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Twitter ‘smytes’ customers – TechCrunch

Twitter ‘smytes’ customers – TechCrunch

Twitter today announced it was acquiring the “trust and safety as a service” startup Smyte to help it better address issues related to online abuse, harassment, spam, and security on its platform. But it also decided to immediately shut down access to Smyte’s API without warning, leaving Smyte’s existing customers no time to transition to a new service provider.

The change left Smyte’s current customer base stranded, with production issues related to the safety of their own platforms.

Needless to say, many were not happy about this situation and took to Twitter to register their complaints.

According to Smyte’s website, its clients included Indiegogo, GoFundMe, npm, Musical.ly, TaskRabbit, Meetup, OLX, ThredUp, YouNow, 99 Designs, Carousell, and Zendesk – big name brands that used Smyte’s feature set in a variety of ways to combat fraud, abuse, harassment, scams, spam, and other security issues.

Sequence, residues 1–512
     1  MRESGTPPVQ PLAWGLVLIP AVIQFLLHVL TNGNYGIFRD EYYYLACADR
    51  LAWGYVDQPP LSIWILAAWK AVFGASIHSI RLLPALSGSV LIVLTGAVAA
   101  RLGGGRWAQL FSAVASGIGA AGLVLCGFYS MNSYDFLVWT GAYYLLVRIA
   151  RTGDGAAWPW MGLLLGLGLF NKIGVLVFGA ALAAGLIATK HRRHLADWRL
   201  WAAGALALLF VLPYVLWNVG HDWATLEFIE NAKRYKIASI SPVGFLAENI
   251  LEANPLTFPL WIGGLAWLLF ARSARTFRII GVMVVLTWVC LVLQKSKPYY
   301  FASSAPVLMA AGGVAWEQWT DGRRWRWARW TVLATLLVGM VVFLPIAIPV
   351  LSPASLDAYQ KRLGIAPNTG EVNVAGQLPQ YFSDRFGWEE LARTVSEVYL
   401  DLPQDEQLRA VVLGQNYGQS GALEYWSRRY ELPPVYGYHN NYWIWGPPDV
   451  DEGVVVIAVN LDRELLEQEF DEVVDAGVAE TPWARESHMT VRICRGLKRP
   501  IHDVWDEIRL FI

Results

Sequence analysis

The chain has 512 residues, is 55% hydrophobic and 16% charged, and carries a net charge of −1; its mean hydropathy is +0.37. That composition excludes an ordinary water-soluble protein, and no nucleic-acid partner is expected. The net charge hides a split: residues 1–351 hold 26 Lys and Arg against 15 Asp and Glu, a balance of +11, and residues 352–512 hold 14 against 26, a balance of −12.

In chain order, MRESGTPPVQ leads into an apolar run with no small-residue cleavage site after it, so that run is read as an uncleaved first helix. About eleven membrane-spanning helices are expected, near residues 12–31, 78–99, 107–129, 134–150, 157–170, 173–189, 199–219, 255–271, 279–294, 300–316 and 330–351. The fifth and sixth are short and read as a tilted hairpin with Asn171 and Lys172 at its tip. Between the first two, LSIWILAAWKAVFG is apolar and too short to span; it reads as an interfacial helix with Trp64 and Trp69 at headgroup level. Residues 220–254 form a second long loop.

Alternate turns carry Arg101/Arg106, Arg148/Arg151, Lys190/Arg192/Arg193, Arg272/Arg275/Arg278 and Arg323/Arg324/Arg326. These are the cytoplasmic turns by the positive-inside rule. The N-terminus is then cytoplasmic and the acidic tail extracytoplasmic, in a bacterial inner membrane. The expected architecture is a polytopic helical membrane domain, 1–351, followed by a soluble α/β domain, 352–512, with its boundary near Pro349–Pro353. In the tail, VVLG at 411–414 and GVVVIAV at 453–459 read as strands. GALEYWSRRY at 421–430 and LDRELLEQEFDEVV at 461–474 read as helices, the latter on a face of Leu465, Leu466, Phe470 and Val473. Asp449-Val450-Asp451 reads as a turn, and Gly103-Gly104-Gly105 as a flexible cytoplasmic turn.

While Twitter had earlier told TechCrunch that it would be “winding down” Smyte’s business with existing clients, what that apparently meant was that it was going to announce the acquisition, then effectively shut off the lights over at Smyte and leave everyone in the lurch.

According to reports from those affected, Smyte disabled access to its API with very little warning to clients, and without giving them time to prepare. Customers got a phone call, and then – boom – the service was gone. Clients had multi-year contracts in some cases.

And again, to reiterate, Smyte is a provider of anti-abuse and anti-fraud protections – not something any business would shut off overnight.

In npm’s case, it even led to a production outage.

Twitter declined to comment, but we understand it was making phone calls to affected Smyte customers today to match them with new service providers.

The decision to smite smyte an existing customer base the minute the startup joined Twitter isn’t a good look for either company, and is especially ironic in light of Twitter’s promises of “trust and safety” improvements in the months to come.

Trust, huh?

That’s how it works?

About David Wiky

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